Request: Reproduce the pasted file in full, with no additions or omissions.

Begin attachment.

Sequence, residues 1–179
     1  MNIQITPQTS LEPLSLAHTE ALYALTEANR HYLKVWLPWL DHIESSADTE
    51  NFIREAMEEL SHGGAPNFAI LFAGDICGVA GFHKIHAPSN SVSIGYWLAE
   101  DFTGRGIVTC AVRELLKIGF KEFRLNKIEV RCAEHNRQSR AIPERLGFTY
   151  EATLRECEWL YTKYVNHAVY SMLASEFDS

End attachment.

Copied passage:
Sequence, residues 1–179
     1  MNIQITPQTS LEPLSLAHTE ALYALTEANR HYLKVWLPWL DHIESSADTE
    51  NFIREAMEEL SHGGAPNFAI LFAGDICGVA GFHKIHAPSN SVSIGYWLAE
   101  DFTGRGIVTC AVRELLKIGF KEFRLNKIEV RCAEHNRQSR AIPERLGFTY
   151  EATLRECEWL YTKYVNHAVY SMLASEFDS